Tales From the Borderlands of Typographic Experience
A typographic perfectionist talks about the architecture of complex books for complex times
Hypertexts are nothing new; the desire to keep multiple strands of related text together on a page goes far back into the era of manuscripts. In print, there are already examples by the 1480s. If you’ve ever seen a page of the Talmud, with its interlocking blocks of type on every page, you may have wondered why it was made that way and how it was constructed. More to the point: What do these books have tell us about the possibilities for today’s books, both in print and, especially, new forms of e-books, or even the design and typography of business and sci-tech manuals? Quite a lot, says Scott-Martin Kosofsky, who will talk about some of his recent breakthroughs and experiments, reviving and reinterpreting old ideas and working out new ones.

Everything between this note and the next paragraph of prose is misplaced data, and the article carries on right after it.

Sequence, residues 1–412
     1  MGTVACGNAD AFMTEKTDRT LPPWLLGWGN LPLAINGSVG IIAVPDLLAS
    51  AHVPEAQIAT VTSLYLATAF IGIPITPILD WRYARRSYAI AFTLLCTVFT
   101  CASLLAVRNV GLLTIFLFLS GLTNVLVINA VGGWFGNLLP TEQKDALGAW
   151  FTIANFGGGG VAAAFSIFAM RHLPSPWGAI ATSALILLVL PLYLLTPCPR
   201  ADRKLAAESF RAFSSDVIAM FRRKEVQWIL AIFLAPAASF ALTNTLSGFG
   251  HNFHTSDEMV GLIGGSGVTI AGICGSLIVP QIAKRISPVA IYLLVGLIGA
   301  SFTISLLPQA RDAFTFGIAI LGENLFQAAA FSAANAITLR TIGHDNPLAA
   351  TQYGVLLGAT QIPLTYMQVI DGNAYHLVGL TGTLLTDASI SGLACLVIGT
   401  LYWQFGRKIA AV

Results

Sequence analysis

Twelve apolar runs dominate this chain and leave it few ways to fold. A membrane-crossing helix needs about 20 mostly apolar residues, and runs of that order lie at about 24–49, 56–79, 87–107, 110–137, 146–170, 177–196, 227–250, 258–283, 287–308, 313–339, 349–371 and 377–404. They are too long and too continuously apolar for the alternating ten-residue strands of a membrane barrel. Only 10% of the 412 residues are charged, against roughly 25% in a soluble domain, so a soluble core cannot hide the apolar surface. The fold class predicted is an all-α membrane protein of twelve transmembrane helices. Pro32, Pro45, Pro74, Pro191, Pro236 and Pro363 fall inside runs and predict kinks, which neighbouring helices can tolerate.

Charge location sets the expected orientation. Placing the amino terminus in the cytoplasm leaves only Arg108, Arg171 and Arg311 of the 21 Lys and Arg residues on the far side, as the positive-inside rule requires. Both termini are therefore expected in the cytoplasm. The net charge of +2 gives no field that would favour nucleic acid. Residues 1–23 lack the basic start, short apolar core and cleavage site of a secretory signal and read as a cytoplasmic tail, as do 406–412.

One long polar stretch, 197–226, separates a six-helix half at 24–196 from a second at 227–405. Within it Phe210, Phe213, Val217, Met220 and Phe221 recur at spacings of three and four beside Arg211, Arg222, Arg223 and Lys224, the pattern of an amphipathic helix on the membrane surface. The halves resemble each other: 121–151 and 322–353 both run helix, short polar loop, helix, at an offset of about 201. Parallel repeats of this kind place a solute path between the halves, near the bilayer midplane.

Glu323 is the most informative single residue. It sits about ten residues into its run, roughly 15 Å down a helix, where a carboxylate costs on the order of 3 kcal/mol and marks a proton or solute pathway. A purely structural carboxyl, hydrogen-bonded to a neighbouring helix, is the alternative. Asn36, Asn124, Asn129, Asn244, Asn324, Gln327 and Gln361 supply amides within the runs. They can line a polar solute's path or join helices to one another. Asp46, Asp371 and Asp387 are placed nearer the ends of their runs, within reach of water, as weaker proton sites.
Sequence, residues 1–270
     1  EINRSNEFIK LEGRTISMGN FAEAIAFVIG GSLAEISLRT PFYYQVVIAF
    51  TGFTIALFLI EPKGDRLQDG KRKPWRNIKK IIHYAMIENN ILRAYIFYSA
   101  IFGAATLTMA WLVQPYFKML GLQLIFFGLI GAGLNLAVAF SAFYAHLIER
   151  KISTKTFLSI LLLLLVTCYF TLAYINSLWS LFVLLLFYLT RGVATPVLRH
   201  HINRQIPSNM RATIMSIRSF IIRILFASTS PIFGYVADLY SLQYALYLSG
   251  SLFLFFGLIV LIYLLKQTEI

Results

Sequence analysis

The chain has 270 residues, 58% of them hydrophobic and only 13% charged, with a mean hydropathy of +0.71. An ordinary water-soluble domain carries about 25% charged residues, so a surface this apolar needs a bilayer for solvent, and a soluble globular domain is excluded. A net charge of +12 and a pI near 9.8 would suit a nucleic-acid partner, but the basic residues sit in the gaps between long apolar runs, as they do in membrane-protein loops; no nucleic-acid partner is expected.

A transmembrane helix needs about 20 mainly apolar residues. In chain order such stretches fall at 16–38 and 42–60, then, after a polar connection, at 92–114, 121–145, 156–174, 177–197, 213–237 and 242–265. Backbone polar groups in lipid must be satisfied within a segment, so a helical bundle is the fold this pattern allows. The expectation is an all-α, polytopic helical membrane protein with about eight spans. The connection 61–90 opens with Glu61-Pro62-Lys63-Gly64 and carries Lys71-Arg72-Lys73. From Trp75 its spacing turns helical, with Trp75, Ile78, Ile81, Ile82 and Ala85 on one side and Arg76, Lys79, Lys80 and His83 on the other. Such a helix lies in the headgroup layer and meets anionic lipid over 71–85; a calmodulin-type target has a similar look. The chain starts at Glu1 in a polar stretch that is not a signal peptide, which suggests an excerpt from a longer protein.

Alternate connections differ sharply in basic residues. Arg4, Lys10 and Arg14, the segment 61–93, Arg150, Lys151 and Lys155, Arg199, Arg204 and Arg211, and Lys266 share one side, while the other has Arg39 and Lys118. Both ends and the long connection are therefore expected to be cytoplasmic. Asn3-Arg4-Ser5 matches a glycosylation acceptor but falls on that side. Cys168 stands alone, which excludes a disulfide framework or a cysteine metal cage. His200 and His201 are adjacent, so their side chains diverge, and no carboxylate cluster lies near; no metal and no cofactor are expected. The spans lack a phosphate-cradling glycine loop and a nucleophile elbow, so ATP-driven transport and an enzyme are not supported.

Best known for his Judaic work, Scott lives near Boston, where he designs, edits, produces, packages (and sometimes writes) books in a number of areas, including some excellent photography books, and also makes many of his own types, including some new Hebrews that deploy new technology for the automated placement of the notoriously complicated diacritical marks used in Bible and liturgy. His first variable-page-size e-book was recently published by Nextbook; it also marks the debut of a new Hebrew type he made with Matthew Carter, based on 16th-century originals. Scott is immediate past president of Boston’s Society of Printers and Hebrew type consultant for Adobe Systems.
TDC members: free